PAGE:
Dengue hemorrhagic fever (DHF) is defined by the presence of fever, thrombocytopenia, hemorrhagic tendencies, and evidence of capillary leak [4]. Dengue hemorrhagic fever generally occurs in secondary infection of another serotype and is more common in children, but studies in Thailand have shown an increasing prevalence in adults; moreover, an association with secondary infection seems less likely in adults [4]. Case fatalities are highest in children, and in developing countries DHF has a mortality of 5% [5]. Studies in travelers, naïve to the dengue virus, on returning from endemic regions have shown a similar mortality in DHF to that of people residing in endemic areas [4].

In DHF, an antibody-dependent immune mechanism is in play, by which nonneutralizing antibodies of previous dengue infection complexes with the new infecting serotype enhancing its uptake [1]. Liver damage is due to viral replication in hepatocytes, cytokine-related damage, and partly due to ischemic hepatitis [6, 7], but in our patient, with worsening hemodynamic parameters and necessity of inotropic support, the bilirubin remained stable and AST/ALT ratio did not reverse (Table 1). Also a dengue virus-specific CD4+ and CD8+ T cells may cause cytolysis [1]. The dengue virus targets both the hepatocyte as well as kupffer cell and following internalization induces tumor necrosis factor-related apoptotic damage [8]. The virus enters the hepatocytes and kupffer cells by phagocytosis and receptor-mediated endocytosis, respectively, [1]. Dengue characteristically causes zone 2 necrosis of the liver, and the changes are similar to those of the yellow fever [8]. Liver biopsy usually reveals massive infiltration by the virus, with minimal mononuclear cell infiltrate [9]. Other findings include Councilman bodies, kupffer cell hyperplasia, and steatosis [1].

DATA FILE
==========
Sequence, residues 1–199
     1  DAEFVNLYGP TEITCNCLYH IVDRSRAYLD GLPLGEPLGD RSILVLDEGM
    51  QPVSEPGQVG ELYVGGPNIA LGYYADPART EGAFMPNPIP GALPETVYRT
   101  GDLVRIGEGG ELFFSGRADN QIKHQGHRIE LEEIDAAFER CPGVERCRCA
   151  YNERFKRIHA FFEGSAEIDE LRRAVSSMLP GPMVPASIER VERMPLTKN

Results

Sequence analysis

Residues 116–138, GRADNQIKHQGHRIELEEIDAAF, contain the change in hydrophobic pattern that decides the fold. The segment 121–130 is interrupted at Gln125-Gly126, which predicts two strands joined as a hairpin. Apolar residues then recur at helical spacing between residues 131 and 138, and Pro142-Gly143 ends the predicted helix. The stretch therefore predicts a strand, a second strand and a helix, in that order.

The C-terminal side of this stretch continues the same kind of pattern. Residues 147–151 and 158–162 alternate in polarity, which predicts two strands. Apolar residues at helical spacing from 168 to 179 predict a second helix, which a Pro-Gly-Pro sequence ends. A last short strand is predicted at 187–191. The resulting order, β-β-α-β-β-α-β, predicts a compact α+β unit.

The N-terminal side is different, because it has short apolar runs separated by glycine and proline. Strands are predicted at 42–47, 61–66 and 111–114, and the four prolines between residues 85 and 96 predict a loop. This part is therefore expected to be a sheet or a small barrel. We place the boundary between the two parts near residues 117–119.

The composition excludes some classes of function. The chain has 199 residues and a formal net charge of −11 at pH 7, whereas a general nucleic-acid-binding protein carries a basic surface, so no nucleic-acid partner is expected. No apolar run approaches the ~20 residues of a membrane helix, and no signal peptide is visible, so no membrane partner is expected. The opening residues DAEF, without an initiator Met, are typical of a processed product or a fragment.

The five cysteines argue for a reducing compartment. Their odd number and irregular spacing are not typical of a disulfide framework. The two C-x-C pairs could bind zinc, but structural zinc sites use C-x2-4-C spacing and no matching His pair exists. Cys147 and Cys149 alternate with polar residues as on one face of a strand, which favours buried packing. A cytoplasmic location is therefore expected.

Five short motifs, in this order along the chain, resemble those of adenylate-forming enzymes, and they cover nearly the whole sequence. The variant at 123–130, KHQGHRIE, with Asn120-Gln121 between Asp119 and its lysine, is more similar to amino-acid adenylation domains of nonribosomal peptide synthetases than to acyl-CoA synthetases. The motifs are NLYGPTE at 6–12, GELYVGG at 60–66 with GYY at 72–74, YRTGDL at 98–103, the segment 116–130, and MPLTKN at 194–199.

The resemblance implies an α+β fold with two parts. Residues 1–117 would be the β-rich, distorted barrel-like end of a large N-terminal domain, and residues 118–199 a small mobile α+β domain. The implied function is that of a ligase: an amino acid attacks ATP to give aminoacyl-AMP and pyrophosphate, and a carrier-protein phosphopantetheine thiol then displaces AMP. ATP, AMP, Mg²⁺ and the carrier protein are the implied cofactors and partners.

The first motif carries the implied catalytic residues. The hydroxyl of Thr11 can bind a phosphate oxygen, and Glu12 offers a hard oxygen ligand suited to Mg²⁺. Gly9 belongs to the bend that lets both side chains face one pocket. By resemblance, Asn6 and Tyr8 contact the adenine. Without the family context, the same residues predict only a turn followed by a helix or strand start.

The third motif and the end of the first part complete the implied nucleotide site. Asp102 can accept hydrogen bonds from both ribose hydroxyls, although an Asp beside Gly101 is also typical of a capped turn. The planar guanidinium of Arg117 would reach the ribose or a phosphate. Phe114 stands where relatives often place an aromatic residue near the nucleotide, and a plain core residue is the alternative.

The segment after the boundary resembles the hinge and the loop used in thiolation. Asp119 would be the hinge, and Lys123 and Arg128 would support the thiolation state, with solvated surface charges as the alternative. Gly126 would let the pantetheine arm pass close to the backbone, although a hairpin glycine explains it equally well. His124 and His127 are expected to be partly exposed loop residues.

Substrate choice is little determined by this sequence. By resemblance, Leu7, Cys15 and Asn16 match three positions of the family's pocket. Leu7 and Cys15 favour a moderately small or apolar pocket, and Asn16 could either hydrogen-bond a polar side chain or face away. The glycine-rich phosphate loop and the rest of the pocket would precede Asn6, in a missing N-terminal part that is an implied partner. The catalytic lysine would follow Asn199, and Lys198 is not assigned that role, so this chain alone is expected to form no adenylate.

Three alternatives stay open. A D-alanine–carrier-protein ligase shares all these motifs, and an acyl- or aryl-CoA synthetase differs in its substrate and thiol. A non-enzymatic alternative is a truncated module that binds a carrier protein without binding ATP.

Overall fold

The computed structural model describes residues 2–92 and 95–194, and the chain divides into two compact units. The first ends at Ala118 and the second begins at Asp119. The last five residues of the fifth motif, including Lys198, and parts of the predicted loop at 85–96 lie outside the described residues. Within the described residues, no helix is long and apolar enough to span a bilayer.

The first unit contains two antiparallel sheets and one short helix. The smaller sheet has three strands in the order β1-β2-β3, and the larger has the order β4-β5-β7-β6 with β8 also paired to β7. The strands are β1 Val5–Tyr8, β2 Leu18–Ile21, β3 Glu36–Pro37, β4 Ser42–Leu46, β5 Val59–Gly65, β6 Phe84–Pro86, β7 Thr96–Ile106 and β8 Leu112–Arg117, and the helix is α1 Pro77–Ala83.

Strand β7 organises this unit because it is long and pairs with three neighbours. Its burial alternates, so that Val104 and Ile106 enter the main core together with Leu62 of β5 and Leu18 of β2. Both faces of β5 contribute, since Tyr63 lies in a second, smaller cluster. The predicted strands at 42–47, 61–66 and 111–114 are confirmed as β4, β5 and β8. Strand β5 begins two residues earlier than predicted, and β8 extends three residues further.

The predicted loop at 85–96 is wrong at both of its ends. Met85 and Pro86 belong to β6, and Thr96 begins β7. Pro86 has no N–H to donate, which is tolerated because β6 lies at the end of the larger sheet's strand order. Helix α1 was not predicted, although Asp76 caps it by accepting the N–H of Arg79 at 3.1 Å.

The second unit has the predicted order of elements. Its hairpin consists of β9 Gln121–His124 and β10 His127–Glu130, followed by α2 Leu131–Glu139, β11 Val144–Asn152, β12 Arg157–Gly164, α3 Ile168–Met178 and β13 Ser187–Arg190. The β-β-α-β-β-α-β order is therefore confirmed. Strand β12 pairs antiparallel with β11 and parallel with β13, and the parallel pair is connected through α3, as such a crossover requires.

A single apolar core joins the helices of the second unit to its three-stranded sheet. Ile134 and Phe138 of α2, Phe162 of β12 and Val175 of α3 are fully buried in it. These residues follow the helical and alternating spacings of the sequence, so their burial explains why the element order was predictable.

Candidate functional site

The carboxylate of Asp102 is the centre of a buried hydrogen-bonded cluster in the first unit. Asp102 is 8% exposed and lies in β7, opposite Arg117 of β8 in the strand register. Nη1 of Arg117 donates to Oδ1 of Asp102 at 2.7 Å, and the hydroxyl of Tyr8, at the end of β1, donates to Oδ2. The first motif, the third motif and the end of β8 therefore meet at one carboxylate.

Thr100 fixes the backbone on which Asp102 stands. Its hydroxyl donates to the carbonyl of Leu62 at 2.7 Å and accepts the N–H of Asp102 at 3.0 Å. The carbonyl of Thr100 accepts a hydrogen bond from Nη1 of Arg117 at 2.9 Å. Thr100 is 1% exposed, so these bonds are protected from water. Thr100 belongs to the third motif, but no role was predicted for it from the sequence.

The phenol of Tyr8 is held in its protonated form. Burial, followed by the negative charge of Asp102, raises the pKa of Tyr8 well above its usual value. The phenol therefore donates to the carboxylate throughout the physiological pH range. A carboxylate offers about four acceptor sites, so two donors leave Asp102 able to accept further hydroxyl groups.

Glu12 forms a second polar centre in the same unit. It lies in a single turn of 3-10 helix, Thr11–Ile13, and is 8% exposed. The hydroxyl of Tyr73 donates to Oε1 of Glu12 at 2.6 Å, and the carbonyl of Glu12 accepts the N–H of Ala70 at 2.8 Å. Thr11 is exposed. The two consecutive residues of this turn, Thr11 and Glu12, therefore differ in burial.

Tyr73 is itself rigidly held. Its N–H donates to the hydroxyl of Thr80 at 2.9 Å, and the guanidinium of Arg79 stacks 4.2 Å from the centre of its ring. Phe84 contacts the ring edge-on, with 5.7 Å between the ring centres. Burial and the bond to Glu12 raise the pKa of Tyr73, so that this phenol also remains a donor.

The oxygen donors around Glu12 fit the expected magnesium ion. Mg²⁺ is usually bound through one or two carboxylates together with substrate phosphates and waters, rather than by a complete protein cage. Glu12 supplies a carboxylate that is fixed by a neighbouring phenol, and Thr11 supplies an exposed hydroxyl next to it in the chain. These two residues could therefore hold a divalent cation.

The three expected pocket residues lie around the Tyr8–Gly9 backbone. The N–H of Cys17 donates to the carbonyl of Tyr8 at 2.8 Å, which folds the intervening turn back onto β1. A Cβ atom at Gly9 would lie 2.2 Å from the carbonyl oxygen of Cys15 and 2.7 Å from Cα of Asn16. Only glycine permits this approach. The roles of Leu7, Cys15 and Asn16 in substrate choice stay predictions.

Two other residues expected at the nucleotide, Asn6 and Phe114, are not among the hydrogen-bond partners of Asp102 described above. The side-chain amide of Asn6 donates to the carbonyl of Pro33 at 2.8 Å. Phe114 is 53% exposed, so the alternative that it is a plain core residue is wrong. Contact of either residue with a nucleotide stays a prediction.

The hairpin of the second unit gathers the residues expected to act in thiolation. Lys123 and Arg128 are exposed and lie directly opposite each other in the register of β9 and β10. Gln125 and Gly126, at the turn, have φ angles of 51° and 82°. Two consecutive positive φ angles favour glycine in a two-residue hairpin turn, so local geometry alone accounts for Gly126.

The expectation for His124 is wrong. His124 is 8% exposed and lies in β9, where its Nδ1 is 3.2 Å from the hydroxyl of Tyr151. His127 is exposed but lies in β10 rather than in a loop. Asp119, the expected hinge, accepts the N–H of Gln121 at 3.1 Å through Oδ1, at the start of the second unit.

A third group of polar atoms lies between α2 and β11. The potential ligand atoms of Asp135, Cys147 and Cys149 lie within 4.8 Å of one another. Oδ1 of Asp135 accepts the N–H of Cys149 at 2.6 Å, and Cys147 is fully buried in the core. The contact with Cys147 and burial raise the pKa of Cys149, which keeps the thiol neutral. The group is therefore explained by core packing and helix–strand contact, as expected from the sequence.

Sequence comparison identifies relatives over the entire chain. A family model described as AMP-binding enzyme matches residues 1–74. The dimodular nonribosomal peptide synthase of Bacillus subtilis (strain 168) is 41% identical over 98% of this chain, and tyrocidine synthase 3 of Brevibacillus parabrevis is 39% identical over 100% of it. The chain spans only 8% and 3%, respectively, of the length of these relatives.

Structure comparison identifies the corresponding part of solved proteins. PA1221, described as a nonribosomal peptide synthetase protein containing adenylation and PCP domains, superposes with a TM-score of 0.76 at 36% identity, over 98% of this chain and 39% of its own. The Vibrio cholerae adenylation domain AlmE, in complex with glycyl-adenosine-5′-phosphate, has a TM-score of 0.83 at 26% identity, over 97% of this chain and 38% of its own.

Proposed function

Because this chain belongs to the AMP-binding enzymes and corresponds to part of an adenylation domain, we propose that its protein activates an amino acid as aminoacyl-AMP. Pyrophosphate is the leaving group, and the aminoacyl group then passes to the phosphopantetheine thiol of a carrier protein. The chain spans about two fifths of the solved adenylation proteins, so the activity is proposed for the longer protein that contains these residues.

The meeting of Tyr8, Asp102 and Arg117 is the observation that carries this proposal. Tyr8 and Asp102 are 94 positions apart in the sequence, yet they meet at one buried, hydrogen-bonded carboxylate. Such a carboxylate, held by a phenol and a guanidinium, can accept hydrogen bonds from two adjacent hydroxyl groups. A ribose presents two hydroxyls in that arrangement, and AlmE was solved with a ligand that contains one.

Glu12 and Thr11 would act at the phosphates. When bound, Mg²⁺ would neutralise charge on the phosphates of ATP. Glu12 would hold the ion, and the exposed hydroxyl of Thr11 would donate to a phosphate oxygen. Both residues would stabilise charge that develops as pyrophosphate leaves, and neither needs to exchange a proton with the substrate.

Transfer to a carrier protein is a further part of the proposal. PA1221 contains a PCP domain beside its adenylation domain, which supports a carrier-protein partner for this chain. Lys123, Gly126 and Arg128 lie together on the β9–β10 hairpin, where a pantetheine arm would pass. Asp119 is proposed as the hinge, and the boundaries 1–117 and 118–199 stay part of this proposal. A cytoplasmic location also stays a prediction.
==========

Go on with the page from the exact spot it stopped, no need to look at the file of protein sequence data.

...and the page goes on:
Dengue can cause mild elevations in transaminases, but the levels seen in our patient have not been previously reported. Transaminases can be elevated five to ten times the normal in DHF [6]. Acute hepatitis is more common in dengue fever, while fulminant hepatic failure is more common in DHF [6, 9]. Acute hepatitis is seen in less than four percent of patients with dengue [10]. Aspartate transaminase [AST] elevation is more commoner and higher than ALT elevations, and this is similar to that of alcoholic hepatitis [1, 8]. Transaminase elevations peak on the 7th to 8th day [6]. ALT elevation at par with AST levels generally reflects hepatic cell necrosis. Our patient had AST/ALT of 8980/3850 U/L at admission which increased to 28050/5580 U/L on day 3 of hospitalization (day 8 of illness). He also had thrombocytopenia of 15000/mm3 that fell to 9000/mm3 on day 2 without overt bleeding manifestations.

Jaundice and raised alkaline phosphatase have also been observed in DHF as was seen in our patient [7]. Factors which worsen liver disease in dengue include presence of shock, acidosis, and preexisting alcoholic liver disease, diabetes, hepatotoxic drug use, sickle cell disease, and race [6, 7]. Coexisting Hepatitis B infection does not seem to worsen the prognosis although acetaminophen and antiemetic usage may predilect to further liver damage [1]. Shock, acidosis, severe thrombocytopenia, bleeding diathesis, and encephalopathy were associated with mortality in dengue [6, 10]. Dengue encephalopathy is associated with very high levels of transaminases [8]. Our patient developed shock requiring inotropes and had refractory metabolic acidosis; he was a teetotaler but was an obese diabetic and might have had a component of nonalcoholic fatty liver disease. Serotypes 1 and 3 are more hepatotropic than the others although all four serotypes can be associated with hepatic dysfunction [6]. Also some serotypes may have more epidemic potential than the others, and therefore they replicate faster leading to higher levels of viremia [1]. We did not have facility for serotype identification in our hospital. In view of shock, myocarditis and pancreatitis were ruled out by normal levels of cardiac enzymes, amylase, lipase, and a bedside echocardiography.

In conclusion, primary dengue can rarely cause fulminant hepatic failure and death, which may be prevented by early and aggressive supportive measures that include volume resuscitation, treatment of coagulopathy, acidosis, and encephalopathy.